Crews plan for direct attack on fire
The Bee Top Fire, located 5 miles up Lightning Creek Road, has burned roughly 40 acres.
(Photo courtesy USDA FOREST SERVICE)
Staff Writer | July 12, 2023 1:00 AM
After Monday's storm put a halt to their efforts, helicopter crews dropping water on the Bee Top Fire got back to work Tuesday.
The cold front which brought strong winds, rain and lightning to the region kept the fire crews in the lower elevations, Idaho Panhandle National Forest officials said.
Reported July 1, the lightning-sparked fire has burned 37 acres and is listed at 16% contained. A total of 151 fire personnel are assigned to the fire; there are two engines, three helicopters and four hand crews assigned to the Bee Top Fire.
Kept to the lower elevations by the storm, crews laid hose and improved the fireline along Lightning Creek. Tuesday, with indirect wirelines completed, INPF officials said crews can now turn their attention to attacking the fire directly. However, firefighter safety remains the top priority of both the IPNF and the Northern Rockies Incident Management Team 9 which is leading the firefighting efforts.
"Direct attack on a steep and rugged slope poses significant risk and this shift in tactics was driven by what crews see on the ground," Kory Johnson, the fire's public information officer, said in a press release.
While short-term risks will increase due to challenges posed by the terrain, a direct attack will likely to shorten the fire's duration of the fire, reducing the number of firefighters exposed to hazards, and the time of exposure.
"This strategic change will accomplish the primary objective of protecting the community of Clark Fork," Johnson said.
A P-line, a saw line used to get in and out of hard-to-reach spots, is being built by the Plumas Interagency Hotshot Crew. That line will take firefighters from the mid-slope camp to the west to scout areas above the fire for a helicopter landing zone.
The Mad River IHC will build an anchor in the fire perimeter on the south blank while the Boise IHC will improve the indirect fireline along Lightning Creek.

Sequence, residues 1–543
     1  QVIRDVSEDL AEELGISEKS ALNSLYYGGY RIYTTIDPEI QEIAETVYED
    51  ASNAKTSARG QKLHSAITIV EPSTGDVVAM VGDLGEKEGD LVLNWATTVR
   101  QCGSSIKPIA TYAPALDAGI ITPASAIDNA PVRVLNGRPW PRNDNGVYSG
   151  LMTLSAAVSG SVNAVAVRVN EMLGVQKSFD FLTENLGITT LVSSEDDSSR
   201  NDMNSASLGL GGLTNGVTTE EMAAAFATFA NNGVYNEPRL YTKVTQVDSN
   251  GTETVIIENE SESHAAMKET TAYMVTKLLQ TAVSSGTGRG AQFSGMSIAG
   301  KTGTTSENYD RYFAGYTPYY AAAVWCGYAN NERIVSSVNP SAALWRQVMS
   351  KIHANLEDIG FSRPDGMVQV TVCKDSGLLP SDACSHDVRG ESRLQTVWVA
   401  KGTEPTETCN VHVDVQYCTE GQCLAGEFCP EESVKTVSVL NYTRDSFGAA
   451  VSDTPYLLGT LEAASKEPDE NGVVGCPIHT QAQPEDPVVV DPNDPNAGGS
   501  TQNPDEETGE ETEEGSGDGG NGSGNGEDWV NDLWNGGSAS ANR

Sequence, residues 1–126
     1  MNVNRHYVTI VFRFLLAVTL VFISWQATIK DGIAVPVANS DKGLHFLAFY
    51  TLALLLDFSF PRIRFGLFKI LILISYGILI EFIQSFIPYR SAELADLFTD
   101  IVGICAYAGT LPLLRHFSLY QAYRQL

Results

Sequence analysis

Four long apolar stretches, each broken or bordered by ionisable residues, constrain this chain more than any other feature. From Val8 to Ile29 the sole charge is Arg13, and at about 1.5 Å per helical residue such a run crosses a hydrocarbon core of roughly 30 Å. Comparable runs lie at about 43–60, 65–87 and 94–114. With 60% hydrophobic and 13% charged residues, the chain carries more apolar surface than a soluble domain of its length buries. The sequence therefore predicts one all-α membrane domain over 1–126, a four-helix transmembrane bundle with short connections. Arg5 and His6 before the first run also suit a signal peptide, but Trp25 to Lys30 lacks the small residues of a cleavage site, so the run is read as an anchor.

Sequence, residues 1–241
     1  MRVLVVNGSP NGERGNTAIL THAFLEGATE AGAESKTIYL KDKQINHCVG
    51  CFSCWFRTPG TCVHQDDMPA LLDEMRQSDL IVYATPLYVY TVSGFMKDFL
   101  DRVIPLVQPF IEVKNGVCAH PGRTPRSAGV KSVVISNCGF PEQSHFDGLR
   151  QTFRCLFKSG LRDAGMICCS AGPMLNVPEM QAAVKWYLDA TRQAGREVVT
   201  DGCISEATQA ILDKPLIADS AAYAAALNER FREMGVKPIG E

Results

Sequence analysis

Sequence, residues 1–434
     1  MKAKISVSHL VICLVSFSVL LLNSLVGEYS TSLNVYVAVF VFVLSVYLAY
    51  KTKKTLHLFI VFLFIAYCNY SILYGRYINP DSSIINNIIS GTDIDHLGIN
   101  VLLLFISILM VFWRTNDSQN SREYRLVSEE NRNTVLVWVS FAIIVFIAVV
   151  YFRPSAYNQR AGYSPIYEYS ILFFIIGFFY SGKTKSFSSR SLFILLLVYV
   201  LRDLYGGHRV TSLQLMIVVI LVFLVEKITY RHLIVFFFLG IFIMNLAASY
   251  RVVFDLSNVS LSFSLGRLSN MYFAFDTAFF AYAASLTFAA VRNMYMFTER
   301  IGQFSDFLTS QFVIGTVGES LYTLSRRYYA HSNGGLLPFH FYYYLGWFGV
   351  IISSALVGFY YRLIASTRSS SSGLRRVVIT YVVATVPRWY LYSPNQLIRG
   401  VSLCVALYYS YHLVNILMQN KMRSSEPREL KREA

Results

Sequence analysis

Fire managers will be getting a few more resources to help fight the lightning-caused Consalus Fire, located on the Priest River Ranger District.
The fire, reported June 30, has burned 186 acres and is listed at 8% contained. A total of 140 fire personnel are assigned to the fire, located 10 miles west of Coolin in Pend Oreille County, Wash. There are two engines, three-plus hand crews, faller, water tender and ambulance crews assigned to the fire.
Fire managers have ordered additional resources, including the Grangeville Interagency Type 2 IA and the Flathead IHC.
"These crews will bolster efforts already being made by the heavy equipment, engines, and hand crews currently working on the fire," fire officials said in an update on the fire.
While a Type I helicopter was grounded by the storm, air resources will continue to assist crews with water drops to cool the fire's edge.
Crews worked Monday to mop-up along the fire's southwestern perimeter; now heavy equipment will shift to its south side of the fire to build a fire line.
The faller module of highly trained sawyers cleared snags from the fire's north edge, allowing access for crews to secure the fire's northeast side.
In addition, fire managers are scouting for opportunities to build lines closer to the fire's edge where they can fight the fire directly.
Road and trail closures
• Bee Top Fire — There are no closures listed.
• Consalus Fire — There are no closures listed. However, the public is asked to avoid FSR 1094 and FSR 659 in their entirety; FSR 1108 (from the junction with FSR 333 to the junction with FSR 659), and FSR 312 (from the junction with FSR 333), and FSR 333 (from Highway 57 to the junction with FSR 1108).